SPECIAL ISSUE – Advances in neuroaesthetics: Narratives and art as windows into the mind and brain

I am co-editing a special issue for the Journal for Comparative Literature and Aesthetics with Buddhika Bellana from Glendon Campus/York University Toronto on how behavioral and neuroscience research advancements in the study of literature and arts affect our current understanding of literature and aesthetics, challenges, and future directions. This is a great opportunity to contribute to an interdisciplinary dialogue and publish review and opinion pieces, ideas for theoretical accounts, and statement pieces. Please be in touch with your ideas and circulate widely among colleagues, postdocs, and students!

Here is the official invite for submissions of abstract ideas and papers:

Humans spend an incredible number of their waking hours engaged in narratives and art. Some cognitive (neuro)scientists propose that our minds/brains are optimized to process information in the form of narratives. Some even claim that the way in which we experience our own lives inherently carries a narrative character. Similarly, works of art can create and shape culture and elicit powerful emotional responses – responses that may be difficult to elicit otherwise. Why do narratives and art have such a hold over us? What might this affinity tell us about the architecture of our minds and brains?

Over the past 15 years, empirical research on literature, poetry, drama, arts, film, and dance have begun to gain a foothold in cognitive neuroscience. As cognitive neuroscientists, we have come to learn that our models of language, memory, and perception fall short of providing satisfactory accounts of our aesthetic experiences with narratives and art. Feeling immersed in a story or song, appreciating the beauty of a painting, or reveling in the lasting impact of a film or play are all essential parts of our psychological experience. This gap between cognitive neuroscience and aesthetics has become a fertile ground for empirical development and discovery.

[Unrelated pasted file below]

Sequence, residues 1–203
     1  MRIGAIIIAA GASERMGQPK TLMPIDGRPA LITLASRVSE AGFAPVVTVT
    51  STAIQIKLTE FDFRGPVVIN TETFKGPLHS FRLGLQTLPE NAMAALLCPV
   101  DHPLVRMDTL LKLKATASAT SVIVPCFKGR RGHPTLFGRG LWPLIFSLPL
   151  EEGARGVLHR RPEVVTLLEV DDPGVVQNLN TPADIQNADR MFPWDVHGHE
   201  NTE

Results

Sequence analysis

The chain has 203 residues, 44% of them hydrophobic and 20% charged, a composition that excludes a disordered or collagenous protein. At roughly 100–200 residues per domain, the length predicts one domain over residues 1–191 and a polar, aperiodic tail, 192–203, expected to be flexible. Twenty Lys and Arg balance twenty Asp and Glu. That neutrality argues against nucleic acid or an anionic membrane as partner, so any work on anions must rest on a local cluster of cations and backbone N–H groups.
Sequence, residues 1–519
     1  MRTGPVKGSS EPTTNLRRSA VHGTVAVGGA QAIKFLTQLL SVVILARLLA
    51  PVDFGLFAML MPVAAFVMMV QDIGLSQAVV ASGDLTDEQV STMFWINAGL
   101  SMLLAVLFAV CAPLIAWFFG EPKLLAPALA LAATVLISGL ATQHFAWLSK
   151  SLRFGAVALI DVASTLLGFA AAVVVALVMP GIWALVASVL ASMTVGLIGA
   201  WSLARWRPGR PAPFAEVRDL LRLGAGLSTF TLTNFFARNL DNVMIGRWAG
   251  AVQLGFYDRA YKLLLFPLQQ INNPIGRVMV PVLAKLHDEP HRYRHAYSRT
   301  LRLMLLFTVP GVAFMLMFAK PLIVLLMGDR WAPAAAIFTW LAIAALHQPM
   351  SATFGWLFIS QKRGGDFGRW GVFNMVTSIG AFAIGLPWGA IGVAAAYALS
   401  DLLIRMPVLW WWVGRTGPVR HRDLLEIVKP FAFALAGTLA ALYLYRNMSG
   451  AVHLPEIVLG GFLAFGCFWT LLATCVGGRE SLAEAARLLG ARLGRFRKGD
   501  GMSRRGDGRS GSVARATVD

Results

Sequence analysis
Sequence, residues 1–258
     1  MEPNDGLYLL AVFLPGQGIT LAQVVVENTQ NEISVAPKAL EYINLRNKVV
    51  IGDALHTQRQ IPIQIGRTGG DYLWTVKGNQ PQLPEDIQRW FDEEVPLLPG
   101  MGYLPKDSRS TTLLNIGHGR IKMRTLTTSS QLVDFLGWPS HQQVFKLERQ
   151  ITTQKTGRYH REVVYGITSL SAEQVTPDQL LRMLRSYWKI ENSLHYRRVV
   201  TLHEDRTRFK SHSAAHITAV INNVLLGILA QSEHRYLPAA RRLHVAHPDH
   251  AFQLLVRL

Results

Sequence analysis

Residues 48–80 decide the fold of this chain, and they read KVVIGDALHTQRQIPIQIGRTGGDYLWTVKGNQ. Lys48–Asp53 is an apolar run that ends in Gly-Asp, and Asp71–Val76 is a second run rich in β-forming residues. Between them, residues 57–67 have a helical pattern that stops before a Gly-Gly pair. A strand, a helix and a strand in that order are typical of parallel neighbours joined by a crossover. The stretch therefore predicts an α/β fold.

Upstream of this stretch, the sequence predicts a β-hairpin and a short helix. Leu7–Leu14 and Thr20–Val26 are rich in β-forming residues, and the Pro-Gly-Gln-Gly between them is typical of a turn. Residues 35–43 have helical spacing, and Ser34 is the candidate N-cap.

In this special issue, we want to pay tribute to the latest advancements in understanding the human mind and brain through engagement with narratives and art, while also elucidating current challenges and laying out plans for future research. We invite submissions from behavioral and neurosciences, as well as current approaches in humanities and media studies to contribute to an interdisciplinary dialogue. Our goal is to enhance understanding and communication between disciplines in order to facilitate interdisciplinary approaches. We welcome contributions in forms of reviews, statement and opinion pieces, evolutionary approaches, as well as conceptual ideas, including theoretical models or proposed mechanisms underlying aesthetic experiences. Articles should be written for a broad academic audience without expert knowledge of a given discipline.

Guest Editors:
Franziska Hartung (Newcastle University, UK)
Buddhika Bellana (York University, Glendon Campus, Toronto, Canada)

Important dates:
Submission deadline: 31 December 2022
(please reach out if you need an extension)
Publication of the issue: May-June 2023, online publication short after acceptance
Please email your abstracts to Franziska.Hartung@newcastle.ac.uk and BBellana@glendon.yorku.ca with a copy to jclaindia@gmail.com.

Journal Submission Guidelines:
The journal is fully open access and has no publication fee.
Submissions must be properly typed out in MS Word (Times New Roman, 12 Font), not exceeding 8,000 words and not below 4,000, complete with an abstract of 100 words alongside 4 or 5 keywords, incorporated within the essay itself. All essays shall be peer-reviewed (refereed) and those abounding in solecisms, catachresis, or insufficiently argued shall be returned unread. ‘Works Cited’ and ‘Notes’ must preferably follow the MLA 8th convention without exception.
Each essay submitted must carry a declaration that it has not been published or submitted for publication elsewhere. The least suspicion of plagiarism will result in an outright rejection of the article.
The cover letter should include a brief author’s bio with no revelation of the author’s identity in the paper itself. An acknowledgement shall be sent upon receipt. A further communication shall be made only after the editor(s) considers the paper worthy of publication.

Please don’t hesitate to reach out with ideas and questions!

Franziska & Buddhika

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